Compression of the femoral nerve secondary to iliacus haematoma is widely reported in patients with blood coagulation disorders and those on anticoagulant treatment. Femoral nerve palsy caused by traumatic iliacus haematoma in the absence of bleeding diathesis has not been reported widely in the literature. All published reports occurred in young patients aged between 12 and 24 years and most cases were precipitated by a traumatic injury while participating in sport (). Haematomas in this region present insidiously and are not heralded by an obvious lesion or ecchymosis.17
Patients initially complain of groin pain with the onset of neurological symptoms occurring as late as 10 days following the injury.14
The differential diagnosis for this syndrome is large and early recognition requires a high level of suspicion. A simple muscular strain is a common diagnosis in young athletes and can mimic iliacus haematoma in the early stages, and is regularly treated with non-steroidal anti-inflammatory drugs. These drugs have been implicated in the progression of the haematoma in a number of published cases.13
The most common mechanism of injury in reported cases is a fall onto the back or buttocks, although more indolent precipitating injuries are described. Direct trauma to the pelvis or hyperextension of the hip may result in muscular tears leading to iliacus haematoma. Two separate syndromes of lumboscacral plexus compression are recognised.21
The entire plexus can be compressed within the psoas muscle resulting in weakness of those muscles supplied by the obturator and femoral nerves. Alternatively, the femoral nerve is compressed as it passes through the closed fibrous compartment formed by the iliac fascia and the ileum. As haematoma expands within this compartment, the femoral nerve becomes compromised.20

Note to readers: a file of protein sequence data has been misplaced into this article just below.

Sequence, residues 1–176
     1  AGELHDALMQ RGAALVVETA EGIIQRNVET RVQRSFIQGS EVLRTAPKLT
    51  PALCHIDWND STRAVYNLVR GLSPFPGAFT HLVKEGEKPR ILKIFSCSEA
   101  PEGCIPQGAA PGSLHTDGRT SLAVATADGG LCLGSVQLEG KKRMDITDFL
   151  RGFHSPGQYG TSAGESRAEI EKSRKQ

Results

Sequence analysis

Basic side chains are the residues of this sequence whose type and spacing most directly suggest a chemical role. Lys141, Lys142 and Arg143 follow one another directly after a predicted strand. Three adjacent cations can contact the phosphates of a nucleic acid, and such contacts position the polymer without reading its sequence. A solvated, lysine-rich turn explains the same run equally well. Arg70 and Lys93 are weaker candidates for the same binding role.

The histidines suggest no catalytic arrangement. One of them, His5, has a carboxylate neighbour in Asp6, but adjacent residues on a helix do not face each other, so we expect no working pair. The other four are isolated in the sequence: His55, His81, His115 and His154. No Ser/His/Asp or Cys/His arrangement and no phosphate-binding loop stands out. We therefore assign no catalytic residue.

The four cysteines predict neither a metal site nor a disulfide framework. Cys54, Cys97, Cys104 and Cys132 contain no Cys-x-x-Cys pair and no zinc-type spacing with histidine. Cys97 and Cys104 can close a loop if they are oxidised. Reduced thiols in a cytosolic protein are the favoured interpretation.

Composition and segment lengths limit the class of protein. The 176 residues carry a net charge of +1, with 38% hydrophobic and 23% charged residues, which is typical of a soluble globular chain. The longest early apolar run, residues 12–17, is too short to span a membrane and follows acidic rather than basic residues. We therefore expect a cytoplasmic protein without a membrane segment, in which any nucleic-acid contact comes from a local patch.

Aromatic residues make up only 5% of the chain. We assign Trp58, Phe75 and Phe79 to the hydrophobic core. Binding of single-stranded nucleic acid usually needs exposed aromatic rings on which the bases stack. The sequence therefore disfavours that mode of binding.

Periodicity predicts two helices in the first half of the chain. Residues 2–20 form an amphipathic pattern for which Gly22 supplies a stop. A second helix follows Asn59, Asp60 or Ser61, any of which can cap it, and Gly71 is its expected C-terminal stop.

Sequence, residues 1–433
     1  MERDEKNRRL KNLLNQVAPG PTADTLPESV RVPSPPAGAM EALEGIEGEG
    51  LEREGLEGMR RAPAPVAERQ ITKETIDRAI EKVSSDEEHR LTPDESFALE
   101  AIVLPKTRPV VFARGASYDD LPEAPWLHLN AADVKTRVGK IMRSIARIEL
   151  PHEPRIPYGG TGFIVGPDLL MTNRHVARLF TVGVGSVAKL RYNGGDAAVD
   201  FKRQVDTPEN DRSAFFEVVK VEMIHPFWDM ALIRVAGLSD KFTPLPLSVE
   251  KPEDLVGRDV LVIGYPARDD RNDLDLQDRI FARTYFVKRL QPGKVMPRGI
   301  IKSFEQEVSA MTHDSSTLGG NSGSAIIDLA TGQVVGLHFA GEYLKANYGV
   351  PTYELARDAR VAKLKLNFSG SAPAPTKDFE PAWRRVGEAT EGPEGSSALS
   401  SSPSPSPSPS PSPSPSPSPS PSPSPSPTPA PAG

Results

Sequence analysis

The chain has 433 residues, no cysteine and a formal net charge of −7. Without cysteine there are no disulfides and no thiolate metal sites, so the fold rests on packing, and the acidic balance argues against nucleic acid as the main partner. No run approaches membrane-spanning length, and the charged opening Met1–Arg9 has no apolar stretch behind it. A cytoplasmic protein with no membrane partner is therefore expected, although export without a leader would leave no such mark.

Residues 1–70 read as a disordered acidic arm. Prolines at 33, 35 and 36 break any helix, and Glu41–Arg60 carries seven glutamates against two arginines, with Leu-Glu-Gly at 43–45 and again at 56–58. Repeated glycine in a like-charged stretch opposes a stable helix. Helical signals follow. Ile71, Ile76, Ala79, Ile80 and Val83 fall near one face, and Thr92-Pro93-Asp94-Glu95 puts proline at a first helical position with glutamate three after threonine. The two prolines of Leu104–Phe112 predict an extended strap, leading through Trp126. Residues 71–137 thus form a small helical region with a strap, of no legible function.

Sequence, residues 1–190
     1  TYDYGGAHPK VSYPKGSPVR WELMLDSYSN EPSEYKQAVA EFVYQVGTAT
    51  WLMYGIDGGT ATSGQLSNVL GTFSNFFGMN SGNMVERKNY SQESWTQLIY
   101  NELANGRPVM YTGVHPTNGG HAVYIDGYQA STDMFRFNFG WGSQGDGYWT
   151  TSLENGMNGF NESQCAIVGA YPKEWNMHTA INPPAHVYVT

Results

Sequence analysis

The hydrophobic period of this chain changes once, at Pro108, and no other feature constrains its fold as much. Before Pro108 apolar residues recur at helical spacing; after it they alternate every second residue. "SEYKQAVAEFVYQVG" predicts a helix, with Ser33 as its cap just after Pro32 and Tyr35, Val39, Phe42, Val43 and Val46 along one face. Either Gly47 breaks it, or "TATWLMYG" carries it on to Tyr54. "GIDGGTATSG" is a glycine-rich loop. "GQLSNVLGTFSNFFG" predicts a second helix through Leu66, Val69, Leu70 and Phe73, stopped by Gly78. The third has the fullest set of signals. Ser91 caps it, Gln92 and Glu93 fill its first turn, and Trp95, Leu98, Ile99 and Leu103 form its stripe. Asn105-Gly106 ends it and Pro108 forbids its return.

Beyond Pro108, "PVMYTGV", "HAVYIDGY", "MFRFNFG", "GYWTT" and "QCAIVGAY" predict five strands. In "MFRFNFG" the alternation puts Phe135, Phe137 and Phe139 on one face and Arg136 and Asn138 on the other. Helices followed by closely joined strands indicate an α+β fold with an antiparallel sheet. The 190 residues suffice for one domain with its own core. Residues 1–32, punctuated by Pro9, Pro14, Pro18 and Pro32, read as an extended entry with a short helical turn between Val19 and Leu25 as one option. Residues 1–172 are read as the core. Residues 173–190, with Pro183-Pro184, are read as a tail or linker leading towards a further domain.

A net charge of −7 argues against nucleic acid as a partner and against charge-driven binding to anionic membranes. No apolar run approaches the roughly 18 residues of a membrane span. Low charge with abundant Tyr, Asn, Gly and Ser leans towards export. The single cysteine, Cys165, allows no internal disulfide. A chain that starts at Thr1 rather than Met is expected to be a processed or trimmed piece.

Goodfellow et al20
injected fluid into this compartment, successfully demonstrating subsequent compression of the femoral nerve. They also showed that maximal iliac compartment volume is associated with flexion and external rotation of the hip. These deformities have been reported in cases in the literature but are frequently absent even in patients with marked neuropathy.
Although infrequent in children and young adults, the possibility of intra-tumoural haemorrhage should be considered in patients presenting with spontaneous haematomas. The most frequent underlying diagnosis is malignant fibrous histiocytoma with cases being described in the iliopsoas muscle.22 23
Patients with spontaneous haematomas that do not follow the expected course of resolution should be treated with particular suspicion. It is good practice to monitor patients with spontaneous haematomas to ensure complete resolution to confirm the absence of the underlying tumour.
In the present case, the cause of the haematoma is unclear. The patient recalled a fall onto her buttocks 5 days prior to the onset of any neurological symptoms. However, the progression of neurological symptoms was rapid occurring 1 h after onset of groin pain precipitated by running and 5 days following the initial fall. It is feasible that running may have enlarged a haematoma initially caused by a fall. The use of an aspirin-based tablet may have exacerbated the problem. We plan to monitor the patient until radiographical resolution of the haematoma to exclude an underlying tumour, although no other clinical features suggestive of malignancy were evident.